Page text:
Ignaz Semmelweis: Google Doodle celebrates Hungarian physicist with a hand washing animation

During the coronavirus pandemic it is a reminder of the man who showed the world the importance of cleanliness

We are constantly told that it is one of the most formidable lines of defence against Covid-19, second only to social distancing. But who was it that relayed the importance of clean hands to our health?

We have Ignaz Semmelweis - celebrated in a Google Doodle on Friday - to thank for that.

The Hungarian physicist and scientist, who was born in 1818, is recognised as one of the pioneers of antiseptic procedures. Dubbed as the "saviour of mothers", Semmelweis introduced hand disinfection standards as a way to drastically cut the incidence of the spread of Puerperal fever – also known as childbed fever – which was common in 19th century hospitals and was often fatal.

Semmelweis proposed the practice of washing hands with chlorinated lime solutions in 1847 while working in the obstetrical clinic at the Vienna General Hospital. In 1861, he published his findings in a book called Etiology, Concept and Prophylaxis of Childbed Fever.

Semmelweis’s proposal was rejected by the medical community at the time, despite a number of published results, which showed that hand washing decreased the mortality rate of Puerperal Fever to below one per cent. Doctors were offended by the suggestion that they should wash their hands and mocked Semmelweis for it.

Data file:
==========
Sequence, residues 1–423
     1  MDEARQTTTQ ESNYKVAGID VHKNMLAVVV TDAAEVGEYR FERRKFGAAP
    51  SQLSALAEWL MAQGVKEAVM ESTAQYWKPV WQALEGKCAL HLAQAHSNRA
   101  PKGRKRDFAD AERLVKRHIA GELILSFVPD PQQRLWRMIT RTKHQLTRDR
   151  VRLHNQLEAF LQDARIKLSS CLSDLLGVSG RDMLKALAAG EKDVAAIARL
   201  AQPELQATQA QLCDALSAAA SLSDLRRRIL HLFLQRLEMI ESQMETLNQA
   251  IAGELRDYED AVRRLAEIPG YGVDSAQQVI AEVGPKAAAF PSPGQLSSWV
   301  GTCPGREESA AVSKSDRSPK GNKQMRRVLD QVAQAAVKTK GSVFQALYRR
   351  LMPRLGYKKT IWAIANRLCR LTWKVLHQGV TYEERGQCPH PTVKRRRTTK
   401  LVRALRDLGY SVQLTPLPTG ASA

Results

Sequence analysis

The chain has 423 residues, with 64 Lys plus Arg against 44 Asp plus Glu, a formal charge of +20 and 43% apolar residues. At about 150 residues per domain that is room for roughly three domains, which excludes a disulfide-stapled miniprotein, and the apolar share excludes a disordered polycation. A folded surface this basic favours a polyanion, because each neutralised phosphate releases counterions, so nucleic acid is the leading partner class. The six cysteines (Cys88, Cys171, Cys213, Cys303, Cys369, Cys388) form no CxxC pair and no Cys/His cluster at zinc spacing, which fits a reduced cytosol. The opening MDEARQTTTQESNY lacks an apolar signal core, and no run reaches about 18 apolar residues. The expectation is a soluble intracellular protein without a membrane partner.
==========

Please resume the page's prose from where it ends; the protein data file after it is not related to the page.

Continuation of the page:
The Hungarian physicist soon became severly depressed and absentminded. Excessively drinking, he was known for steering every conversation to the topic of Puerperal Fever. He lashed out against his critics in a series of bitter, angry letters, labelling them “irresponsible murderers” and “ignoramuses.”

HKF7Y7 Ignaz Semmelweis 1863 last image

Semmelweis was thought to have suffered a nervous breakdown in 1865. A colleague lured him, under the pretence of visiting one of Hera’s new institutes, to an asylum in Vienna. Semmelweis figured out what was really happening and tried to leave. He was severely beaten by several guards, secured in a straitjacket and confined to a dark cell. Semmelweis died 14 days later from a gangrenous wound caused by beatings from the asylum guards.

Semmelweis’s practice was accepted in the years following his death, after French biologist Louis Pasteur confirmed the germ theory, which states that pathogens can lead to disease, and Joseph Lister, a British surgeon, researched and operated using hygienic methods with great success.

Google celebrated Semmelweis on Friday, March 20, with a Doodle showing an animation of the Hungarian physicist holding up a stopwatch and guiding viewers through a six-step process of effective handwashing.

Semmelweis lived a tragic life, especially in his last years. But his research and his findings paved the way to more hygienic medical practices and procedures. Though he wasn’t celebrated in his lifetime, Semmelweis is now remembered as one of the pioneers of an idea that has become so common it is impossible to imagine a world without handwashing and disinfecting. There are now several hospitals and a university in Budapest named after Semmelweis. And the house where he was born is now a historical museum and library, honoring the life and work of the Hungarian physicist.